Scalp Autografts and Hair Transfer to the Face in the Burned Child

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Hair transfer from split-thickness skin grafts harvested from the scalp is not a widely reported problem. The authors present their experience with hair transfer from scalp autografts in a pediatric burn population, with particular emphasis on hair transfer to the face. They retrospectively reviewed 3307 acute and reconstructive pediatric burn admissions over a 4-year period at a single institution and identified 109 cases in which the scalp had been used as a donor site and in which the patient survived the acute burn period. Data from 73 male and 36 female patients were analyzed with respect to age, race, sex, percent total body surface area burned, graft thickness, number of scalp harvests and time between harvests, and presence of donor site alopecia.

Eighteen of the 109 patients had noticeable hair growth from their scalp grafts (17 percent). Fourteen of 18 cases of hair growth involved face or neck grafts (13 percent); the remaining 4 patients had hair growth elsewhere on the body. There was no difference between the two groups (hair growth versus no hair growth) when compared by age, sex, or graft thickness. There was a correlation between larger burn size and greater incidence of hair growth. Those who had multiple harvests of the same scalp donor site were more than twice as likely to have hair transfer (9 of 34 versus 9 of 75 patients), although time between harvests was not a significant variable. Caucasian children represented 77 percent of the study population yet 100 percent of the cases of problem hair growth. Thirty-three percent of the hair growth group (6 of 18 patients) and 4 percent of the remaining patients (4 of 91) had some degree of donor site alopecia.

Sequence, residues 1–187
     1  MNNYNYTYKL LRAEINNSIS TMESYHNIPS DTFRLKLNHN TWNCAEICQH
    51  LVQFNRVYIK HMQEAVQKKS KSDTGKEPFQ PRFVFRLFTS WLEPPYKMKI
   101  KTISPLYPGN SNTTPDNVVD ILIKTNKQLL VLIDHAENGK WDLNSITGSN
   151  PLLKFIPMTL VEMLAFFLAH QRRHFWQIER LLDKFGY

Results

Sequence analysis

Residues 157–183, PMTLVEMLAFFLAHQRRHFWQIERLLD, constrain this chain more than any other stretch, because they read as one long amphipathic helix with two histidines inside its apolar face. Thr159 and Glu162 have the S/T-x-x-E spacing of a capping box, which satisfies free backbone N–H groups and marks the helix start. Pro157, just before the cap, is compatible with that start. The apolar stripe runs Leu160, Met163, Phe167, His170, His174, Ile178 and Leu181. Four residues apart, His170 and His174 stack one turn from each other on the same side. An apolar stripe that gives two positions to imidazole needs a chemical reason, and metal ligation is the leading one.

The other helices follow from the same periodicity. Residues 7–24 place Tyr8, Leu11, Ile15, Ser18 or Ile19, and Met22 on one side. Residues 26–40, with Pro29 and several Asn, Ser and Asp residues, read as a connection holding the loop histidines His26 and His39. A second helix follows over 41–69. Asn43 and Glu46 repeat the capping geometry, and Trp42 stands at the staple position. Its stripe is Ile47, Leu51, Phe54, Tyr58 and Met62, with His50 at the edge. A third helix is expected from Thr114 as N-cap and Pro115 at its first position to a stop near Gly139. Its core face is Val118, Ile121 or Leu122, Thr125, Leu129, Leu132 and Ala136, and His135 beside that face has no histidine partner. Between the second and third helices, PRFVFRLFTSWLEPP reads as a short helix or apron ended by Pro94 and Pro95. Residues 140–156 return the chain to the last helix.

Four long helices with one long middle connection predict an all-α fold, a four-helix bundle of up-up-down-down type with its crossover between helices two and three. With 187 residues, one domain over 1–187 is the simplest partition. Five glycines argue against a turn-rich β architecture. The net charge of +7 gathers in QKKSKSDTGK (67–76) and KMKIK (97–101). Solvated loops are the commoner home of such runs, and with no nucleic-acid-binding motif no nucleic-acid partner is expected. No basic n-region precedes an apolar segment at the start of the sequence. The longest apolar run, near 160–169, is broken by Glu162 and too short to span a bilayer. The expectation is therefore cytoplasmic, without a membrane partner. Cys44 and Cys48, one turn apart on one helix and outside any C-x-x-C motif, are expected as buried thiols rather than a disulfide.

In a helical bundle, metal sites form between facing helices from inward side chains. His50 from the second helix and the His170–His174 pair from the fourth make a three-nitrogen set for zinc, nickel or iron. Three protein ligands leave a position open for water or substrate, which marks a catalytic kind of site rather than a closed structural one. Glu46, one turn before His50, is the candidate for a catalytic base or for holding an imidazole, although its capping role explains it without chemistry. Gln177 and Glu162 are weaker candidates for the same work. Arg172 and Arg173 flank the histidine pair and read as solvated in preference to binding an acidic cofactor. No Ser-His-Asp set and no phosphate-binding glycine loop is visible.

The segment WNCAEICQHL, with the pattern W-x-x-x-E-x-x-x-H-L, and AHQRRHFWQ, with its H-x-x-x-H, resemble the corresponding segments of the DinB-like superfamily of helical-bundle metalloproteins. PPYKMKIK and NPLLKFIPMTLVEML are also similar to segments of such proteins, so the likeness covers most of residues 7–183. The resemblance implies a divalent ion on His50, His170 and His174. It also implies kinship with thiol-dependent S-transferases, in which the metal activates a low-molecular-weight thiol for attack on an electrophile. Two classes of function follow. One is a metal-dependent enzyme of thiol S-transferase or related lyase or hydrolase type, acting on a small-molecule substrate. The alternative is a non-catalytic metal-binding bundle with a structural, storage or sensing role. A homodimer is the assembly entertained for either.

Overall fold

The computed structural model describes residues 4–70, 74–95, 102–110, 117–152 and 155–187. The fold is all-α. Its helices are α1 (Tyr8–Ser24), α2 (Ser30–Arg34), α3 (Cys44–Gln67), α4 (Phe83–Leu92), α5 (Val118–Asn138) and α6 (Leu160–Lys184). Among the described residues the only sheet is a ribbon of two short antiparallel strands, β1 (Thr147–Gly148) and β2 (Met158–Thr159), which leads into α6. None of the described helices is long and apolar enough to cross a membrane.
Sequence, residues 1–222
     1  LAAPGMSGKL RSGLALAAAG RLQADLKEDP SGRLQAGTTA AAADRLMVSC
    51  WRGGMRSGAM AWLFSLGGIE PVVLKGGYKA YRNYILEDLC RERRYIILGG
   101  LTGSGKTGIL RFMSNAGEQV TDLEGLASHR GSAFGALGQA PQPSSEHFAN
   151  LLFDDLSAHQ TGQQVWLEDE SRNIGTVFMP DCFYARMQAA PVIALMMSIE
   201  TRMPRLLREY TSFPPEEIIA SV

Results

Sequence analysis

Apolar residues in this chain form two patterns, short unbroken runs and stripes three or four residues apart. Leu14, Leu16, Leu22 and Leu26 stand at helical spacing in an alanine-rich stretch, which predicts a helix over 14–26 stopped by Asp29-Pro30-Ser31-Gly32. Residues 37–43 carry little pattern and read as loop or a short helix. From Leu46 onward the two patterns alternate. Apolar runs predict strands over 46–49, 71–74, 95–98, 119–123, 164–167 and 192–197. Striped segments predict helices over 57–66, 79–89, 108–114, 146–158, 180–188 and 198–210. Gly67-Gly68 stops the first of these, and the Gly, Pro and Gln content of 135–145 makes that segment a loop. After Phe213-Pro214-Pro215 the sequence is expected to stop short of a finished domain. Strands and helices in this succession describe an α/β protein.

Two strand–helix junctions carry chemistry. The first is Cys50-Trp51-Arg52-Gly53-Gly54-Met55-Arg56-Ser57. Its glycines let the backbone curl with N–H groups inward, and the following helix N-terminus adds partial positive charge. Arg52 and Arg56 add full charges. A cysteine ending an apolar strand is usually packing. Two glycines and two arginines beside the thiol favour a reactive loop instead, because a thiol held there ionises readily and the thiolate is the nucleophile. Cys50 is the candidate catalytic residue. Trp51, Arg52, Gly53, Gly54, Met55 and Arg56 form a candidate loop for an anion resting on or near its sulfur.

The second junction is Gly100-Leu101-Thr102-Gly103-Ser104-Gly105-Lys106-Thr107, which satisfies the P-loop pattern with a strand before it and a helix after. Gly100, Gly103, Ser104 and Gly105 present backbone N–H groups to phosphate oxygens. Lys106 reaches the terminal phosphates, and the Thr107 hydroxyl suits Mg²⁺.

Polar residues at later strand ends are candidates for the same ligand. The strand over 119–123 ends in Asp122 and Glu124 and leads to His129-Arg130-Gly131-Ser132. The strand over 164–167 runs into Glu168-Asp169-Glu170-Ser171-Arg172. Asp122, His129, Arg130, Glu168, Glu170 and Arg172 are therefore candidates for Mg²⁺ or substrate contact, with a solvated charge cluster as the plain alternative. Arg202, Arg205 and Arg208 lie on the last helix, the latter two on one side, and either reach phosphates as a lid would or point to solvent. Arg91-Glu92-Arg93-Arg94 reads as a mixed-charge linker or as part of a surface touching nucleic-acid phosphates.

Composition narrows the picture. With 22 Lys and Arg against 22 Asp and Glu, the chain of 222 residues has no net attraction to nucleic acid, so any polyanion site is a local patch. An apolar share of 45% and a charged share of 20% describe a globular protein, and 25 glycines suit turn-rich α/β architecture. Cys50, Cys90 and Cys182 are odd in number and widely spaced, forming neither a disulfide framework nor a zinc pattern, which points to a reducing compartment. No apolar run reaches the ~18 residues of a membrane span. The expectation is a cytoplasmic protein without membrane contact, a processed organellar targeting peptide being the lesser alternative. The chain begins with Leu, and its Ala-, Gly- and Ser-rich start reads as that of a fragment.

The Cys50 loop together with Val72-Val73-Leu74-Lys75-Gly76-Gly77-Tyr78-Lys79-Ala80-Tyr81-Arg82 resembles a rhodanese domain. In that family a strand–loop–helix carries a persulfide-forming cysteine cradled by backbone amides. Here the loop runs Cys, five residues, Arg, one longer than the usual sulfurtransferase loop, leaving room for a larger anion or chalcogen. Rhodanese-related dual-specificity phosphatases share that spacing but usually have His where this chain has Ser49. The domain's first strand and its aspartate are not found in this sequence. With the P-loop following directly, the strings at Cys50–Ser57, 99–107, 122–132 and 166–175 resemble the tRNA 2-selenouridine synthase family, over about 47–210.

The scalp is a reliable and valuable donor site for skin grafting in children, particularly for facial burns. The authors note a moderate incidence of hair transfer (17 percent) and propose both suggestions for prevention and recommendations for management. (Plast. Reconstr. Surg. 102: 1865, 1998.)

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